[0184] As shown in FIG. 17, the block S111 includes steps S120-S128. The step S120 follows the step S109 or the step S10. The step S120 prepares for calculating the remaining GOV playback time and the incomplete GOV number. The step S121 is subsequent to the step S120. The step S121 backs up the present values. The step S122 follows the step S121. The step S122 gets the distance between the inserting pointer and the reading pointer. The step S123 is subsequent to the step S122. The step S123 decides whether or not the calculated distance is 0. When the calculated distance is 0, the step S123 is followed by the step S124. Otherwise, the step S123 is followed by the step S125. At the step S124, the return from the related function call is implemented, and the process in the block S111 ends. The step S125 calculates the remaining GOV playback time by skipping the incomplete GOV and the blank GOV. The step S126 follows the step S125. The step S126 decides whether or not the retransmission is allowed for the skipped incomplete GOV or blank GOV. When the retransmission is allowed, the step S126 is followed by the step S127. Otherwise, the step S126 is followed by the step S128. The step S127 sends a retransmission request to the RTP/RTCP transport engine server 22. The step S127 is followed by the step S128. At the step S128, the return from the related function call is implemented, and the process in the block S111 ends.

[0185]FIG. 18 is a flowchart showing the process of GOV reading in the data link buffer 28 within the client 12 which is implemented according to the corresponding segment of the control program for the computer in the client 12.

[0186] With reference to FIG. 18, a first step S130 checks whether or not at least one available GOV is in the data link buffer 28. When at least one available GOV is in the data link buffer 28, the step S130 is followed by a step S131. Otherwise, the step S130 is followed by a step S132.

[0187] At the step S132, the return to the parent process with respect to the process of GOV reading is implemented, and hence the process of GOV reading ends.

[0188] The step S131 locks the data link buffer 28, and forbids simultaneous access thereto. The step S131 is followed by a step S133. The step S133 updates the reading pointer and its index. A step S134 subsequent to the step S133 gets the node for reading.

[0189] A step S135 following the step S134 checks whether the present GOV is complete one. A step S136 subsequent to the step S135 decides the result of the check by the step S135. When the check result indicates that the present GOV is complete one, the step S136 is followed by a step S137. Otherwise, the step S136 is followed by the step S133.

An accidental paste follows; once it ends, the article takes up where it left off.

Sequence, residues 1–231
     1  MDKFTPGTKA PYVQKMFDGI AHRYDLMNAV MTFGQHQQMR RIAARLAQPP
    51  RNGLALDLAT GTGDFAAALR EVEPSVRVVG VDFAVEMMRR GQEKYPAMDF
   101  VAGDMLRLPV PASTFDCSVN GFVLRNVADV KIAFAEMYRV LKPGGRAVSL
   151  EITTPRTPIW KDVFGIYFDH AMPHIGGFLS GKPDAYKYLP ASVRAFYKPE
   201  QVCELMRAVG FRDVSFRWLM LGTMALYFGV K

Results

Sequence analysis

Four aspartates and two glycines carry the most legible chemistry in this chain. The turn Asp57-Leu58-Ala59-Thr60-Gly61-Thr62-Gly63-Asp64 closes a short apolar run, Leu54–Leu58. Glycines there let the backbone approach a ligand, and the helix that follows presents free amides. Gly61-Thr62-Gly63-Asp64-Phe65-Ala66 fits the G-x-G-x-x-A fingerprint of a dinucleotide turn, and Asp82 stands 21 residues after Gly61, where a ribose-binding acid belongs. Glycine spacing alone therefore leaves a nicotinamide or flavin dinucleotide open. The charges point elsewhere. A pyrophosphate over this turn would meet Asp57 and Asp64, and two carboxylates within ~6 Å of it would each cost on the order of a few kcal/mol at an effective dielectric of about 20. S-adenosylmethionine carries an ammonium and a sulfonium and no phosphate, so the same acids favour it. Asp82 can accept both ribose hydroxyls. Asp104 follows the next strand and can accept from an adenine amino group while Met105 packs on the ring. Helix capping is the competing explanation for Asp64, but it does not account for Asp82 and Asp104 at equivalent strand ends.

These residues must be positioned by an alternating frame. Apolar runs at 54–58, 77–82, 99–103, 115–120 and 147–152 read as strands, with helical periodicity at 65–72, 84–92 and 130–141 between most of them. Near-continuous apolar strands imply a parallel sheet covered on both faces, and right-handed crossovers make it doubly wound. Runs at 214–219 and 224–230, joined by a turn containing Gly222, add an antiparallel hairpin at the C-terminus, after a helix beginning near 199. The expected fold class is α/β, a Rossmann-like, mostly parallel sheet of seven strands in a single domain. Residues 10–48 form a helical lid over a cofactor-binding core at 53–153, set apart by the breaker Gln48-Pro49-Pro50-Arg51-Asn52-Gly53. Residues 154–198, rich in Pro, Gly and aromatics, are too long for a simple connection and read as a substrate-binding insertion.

[0190] The step S137 copies the GOV out to the transmitted GOV node. The step S137 is followed by a block S138.

[0191] The block S138 calculates the remaining GOV playback time and the incomplete GOV number. The block S138 is realized by a related function call with a return value of either “0” or “1”. The block S138 is followed by a step S139.

[0192] At the step S139, the return to the parent process with respect to the process of GOV reading is implemented, and hence the process of GOV reading ends.

[0193] As shown in FIG. 19, the block S138 includes steps S140-S148. The step S140 follows the step S137. The step S140 prepares for calculating the remaining GOV playback time and the incomplete GOV number. The step S141 is subsequent to the step S140. The step S141 backs up the present values. The step S142 follows the step S141. The step S142 gets the distance between the inserting pointer and the reading pointer. The step S143 is subsequent to the step S142. The step S143 decides whether or not the calculated distance is 0. When the calculated distance is 0, the step S143 is followed by the step S144. Otherwise, the step S143 is followed by the step S145. At the step S144, the return from the related function call is implemented, and the process in the block S138 ends. The step S145 calculates the remaining GOV playback time by skipping the incomplete GOV and the blank GOV. The step S146 follows the step S145. The step S146 sets a bitrate control information structure. The step S147 is subsequent to the step S146. The step S147 sends out bitrate control information to the bit rate adapter module 27. The step S147 is followed by the step S148. At the step S148, the return from the related function call is implemented, and the process in the block S138 ends.

[0194]FIG. 20 is a time sequence diagram showing the bitrate control message flows. With reference to FIG. 20, the MPEG-4 decoder 13 feeds the data link buffer 28 with a request for reading a GOV. In response to the request, the data link buffer 28 searches for the requested complete GOV. The data link buffer 28 updates the bitrate control information. The data link buffer 28 sends the bitrate control information to the bitrate adapter module 27 in the client 12. The data link buffer 28 returns the requested complete GOV to the MPEG-4 decoder 13. The bitrate adapter module 27 backs up the last state. The bitrate adapter module 27 makes a decision about bitrate change, and generates a corresponding bitrate change command (bitrate control command). The bitrate adapter module 27 sends the bitrate change command to the bitrate adapter module 23 in the streaming server 11. The bitrate adapter module 23 passes the bitrate change command to the controller in the MPEG-4 encoder 10. Upon the reception of the bitrate change command, the controller in the MPEG-4 encoder 10 returns an acknowledgement to the bitrate adapter module 23 in the streaming server 11. The bitrate adapter module 23 passes the acknowledgement to the bitrate adapter module 27 in the client 12. The bitrate adapter module 27 feeds the data link buffer 28 with a command to change a sliding window. The bitrate adapter module 27 updates the state.